As unemployment increases so does demand for higher education.  Graduate schools are often inundated with applications from recent college graduates who, finding employment prospects slim, return to school to pursue higher degrees.  Nontraditional students also add to the college roster.  Many seek higher education because they are “cyclically” unemployed.  They have been laid off because of a decrease in consumer spending (due to the recession) and attend school to sharpen their skills as they await the economic rebound.  Other nontraditional students are unemployed due to structural changes in the economy.  These individuals have spent years in industries that are now expected to experience prolonged decline (such residential construction).  They have returned to school to train for a new career with better prospects (such as health care). 

Whether traditional student or economic refugee, recent tax code changes have made college or vocational school significantly less expensive.  The American Recover and Reinvestment Act of 2009 modified the Hope Scholarship credit for 2009 and 2010, renaming it the American Opportunity Credit.  The American Opportunity Credit is available for more years of college attendance, reimburses for more expenses, and benefits taxpayers with higher income than the Hope Scholarship Credit.  A portion of the American Opportunity Credit will also generate a refund for many taxpayers who have no tax liability.  Today, I will discuss the 2009 and 2010 American Opportunity Credit and highlight some changes that transformed it from the Hope Scholarship Credit.  My goal is to help you get your degree and get back on the job without digging yourself into debt.

The annual credit amount of the American Opportunity Credit is the same as the Hope Scholarship Credit.  It will reduce the tax burden of qualifying taxpayers by 100% of the first $2,000 and 25% of the second $2,000 spent on qualifying education expenses during the year.  If you pay more than $4,000 in annual qualifying expenses you may receive a tax credit of $2,500 ($2,000 times 100% plus $2,000 times 25%).  The credit is a per student credit.  If more than one family member qualifies for the credit, the full amount will be available for each student.

A major difference between the American Opportunity Credit and the Hope Scholarship Credit is that, for certain students, it doubles the total credit available.  The Hope Scholarship Credit was only available for the first two years of post-secondary education.  The American Opportunity Credit is available for the first four years.  Because the American Opportunity only applies to 2009 and 2010, this change will only benefit taxpayers who completed their first or second year of higher education prior to 2009.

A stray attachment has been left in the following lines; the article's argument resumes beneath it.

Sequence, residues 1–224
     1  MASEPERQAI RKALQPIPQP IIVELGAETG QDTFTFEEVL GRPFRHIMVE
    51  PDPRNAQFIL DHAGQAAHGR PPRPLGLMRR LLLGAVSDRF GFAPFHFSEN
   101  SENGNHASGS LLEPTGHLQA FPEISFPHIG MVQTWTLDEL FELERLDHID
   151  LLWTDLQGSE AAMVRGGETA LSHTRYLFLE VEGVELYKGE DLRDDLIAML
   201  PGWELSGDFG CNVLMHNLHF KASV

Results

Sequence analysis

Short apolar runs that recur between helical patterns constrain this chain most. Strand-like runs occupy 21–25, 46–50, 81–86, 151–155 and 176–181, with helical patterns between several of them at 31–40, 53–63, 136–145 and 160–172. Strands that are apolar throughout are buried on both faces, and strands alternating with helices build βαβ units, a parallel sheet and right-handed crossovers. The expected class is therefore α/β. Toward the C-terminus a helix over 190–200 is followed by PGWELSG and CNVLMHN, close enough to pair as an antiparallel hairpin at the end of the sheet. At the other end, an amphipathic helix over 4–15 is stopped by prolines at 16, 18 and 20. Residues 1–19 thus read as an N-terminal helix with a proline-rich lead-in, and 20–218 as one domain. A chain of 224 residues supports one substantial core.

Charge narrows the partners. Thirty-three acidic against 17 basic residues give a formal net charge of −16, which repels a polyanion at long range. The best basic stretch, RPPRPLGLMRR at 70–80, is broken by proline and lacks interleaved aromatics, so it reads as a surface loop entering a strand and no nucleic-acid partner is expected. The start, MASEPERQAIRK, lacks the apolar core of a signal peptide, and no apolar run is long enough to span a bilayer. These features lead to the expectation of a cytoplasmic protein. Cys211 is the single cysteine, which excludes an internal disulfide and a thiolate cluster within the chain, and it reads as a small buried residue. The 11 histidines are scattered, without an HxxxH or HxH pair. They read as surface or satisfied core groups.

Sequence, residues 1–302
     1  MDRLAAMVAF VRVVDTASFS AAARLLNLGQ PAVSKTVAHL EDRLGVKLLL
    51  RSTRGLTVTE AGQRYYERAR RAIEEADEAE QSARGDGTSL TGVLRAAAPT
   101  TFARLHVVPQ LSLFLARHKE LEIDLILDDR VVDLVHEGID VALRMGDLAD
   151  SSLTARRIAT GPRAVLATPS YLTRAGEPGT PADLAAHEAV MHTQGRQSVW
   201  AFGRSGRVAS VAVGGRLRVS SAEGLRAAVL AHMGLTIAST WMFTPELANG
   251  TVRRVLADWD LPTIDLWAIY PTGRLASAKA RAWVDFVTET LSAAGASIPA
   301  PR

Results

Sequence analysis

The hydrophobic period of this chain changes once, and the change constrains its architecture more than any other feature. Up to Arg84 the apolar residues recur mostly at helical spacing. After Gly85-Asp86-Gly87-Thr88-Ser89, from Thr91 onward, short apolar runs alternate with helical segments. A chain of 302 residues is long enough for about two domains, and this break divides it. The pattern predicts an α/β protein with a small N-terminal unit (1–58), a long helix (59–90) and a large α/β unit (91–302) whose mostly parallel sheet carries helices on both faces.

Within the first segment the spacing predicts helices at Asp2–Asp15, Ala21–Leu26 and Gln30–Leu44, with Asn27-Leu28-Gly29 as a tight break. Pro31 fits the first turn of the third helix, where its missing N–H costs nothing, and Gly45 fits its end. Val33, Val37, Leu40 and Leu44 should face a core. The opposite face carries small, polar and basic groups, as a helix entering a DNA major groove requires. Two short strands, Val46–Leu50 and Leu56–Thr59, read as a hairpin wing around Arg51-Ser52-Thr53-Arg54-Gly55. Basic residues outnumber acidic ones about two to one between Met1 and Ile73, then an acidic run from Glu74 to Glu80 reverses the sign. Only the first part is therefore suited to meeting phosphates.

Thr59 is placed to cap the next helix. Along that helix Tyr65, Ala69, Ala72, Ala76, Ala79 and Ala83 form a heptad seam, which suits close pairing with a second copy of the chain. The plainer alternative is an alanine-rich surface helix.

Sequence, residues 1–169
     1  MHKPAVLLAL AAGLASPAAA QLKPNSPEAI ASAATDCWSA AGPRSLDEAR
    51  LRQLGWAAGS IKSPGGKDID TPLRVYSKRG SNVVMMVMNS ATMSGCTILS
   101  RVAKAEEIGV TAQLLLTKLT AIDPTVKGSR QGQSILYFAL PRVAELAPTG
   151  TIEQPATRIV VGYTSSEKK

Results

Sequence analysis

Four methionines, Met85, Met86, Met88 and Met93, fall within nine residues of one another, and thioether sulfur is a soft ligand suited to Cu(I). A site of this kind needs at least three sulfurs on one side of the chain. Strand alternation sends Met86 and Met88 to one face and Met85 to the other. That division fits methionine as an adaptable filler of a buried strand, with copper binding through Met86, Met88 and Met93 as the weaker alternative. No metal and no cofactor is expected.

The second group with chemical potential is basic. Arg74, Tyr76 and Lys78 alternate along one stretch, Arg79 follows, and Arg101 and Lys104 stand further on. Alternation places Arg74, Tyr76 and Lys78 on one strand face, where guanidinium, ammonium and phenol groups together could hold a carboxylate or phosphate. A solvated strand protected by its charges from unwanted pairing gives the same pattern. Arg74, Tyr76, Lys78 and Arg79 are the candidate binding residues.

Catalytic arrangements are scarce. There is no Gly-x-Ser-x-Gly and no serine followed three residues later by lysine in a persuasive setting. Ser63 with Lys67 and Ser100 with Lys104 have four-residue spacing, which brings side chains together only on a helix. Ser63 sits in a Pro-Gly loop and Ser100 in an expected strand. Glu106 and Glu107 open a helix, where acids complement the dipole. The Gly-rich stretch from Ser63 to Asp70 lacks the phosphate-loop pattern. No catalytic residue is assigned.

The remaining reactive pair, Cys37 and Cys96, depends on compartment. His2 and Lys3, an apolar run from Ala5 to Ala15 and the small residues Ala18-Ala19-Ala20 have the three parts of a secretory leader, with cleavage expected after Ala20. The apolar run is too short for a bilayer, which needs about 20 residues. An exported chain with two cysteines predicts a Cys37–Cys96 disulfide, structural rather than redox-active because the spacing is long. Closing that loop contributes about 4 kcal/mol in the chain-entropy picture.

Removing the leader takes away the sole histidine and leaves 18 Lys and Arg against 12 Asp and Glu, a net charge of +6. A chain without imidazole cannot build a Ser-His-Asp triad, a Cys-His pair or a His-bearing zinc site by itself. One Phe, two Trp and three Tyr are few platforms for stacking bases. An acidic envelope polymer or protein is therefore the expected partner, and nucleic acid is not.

The American Opportunity Credit also broadens the definition of expenses that qualify for the credit.  The Hope Scholarship Credit only listed tuition and related fees as qualifying expenses.  The American Opportunity Credit, however, adds books and related course materials to this list.  A computer may also qualify if it is a requirement for enrollment at the institution.

A major difference between the American Opportunity Credit and the Hope Scholarship Credit is that up to 40% of the American Opportunity Credit is refundable.  This means that a taxpayer can receive up to 40% of the credit ($1000) as a refund for each eligible student, even if they owe no tax.

Income limitations for those who qualify have also increased with the American Opportunity credit.  Individual taxpayers with modified adjusted gross incomes of $80,000 or less ($160,000 if married and filing jointly) will qualify for the full amount of the credit.  The amount of qualifying credit begins to be reduced once incomes exceed this threshold and is reduced to zero once an individual taxpayer’s income exceeds $90,000 ($180,000 if married and filing jointly).  Those who are married but file their tax returns separately do not qualify for the credit.

In this article, I have discussed the basics of the American Opportunity Credit.  I did not have time to highlight the many nuances that may impact your particular situation or other tax-saving incentives such as the Life-time Learning Credit, 529 plans, or the tuition deduction.  If you would like more about tax incentives for higher education, check out IRS Publication 970, consult your tax professional, or feel free to call our office. 

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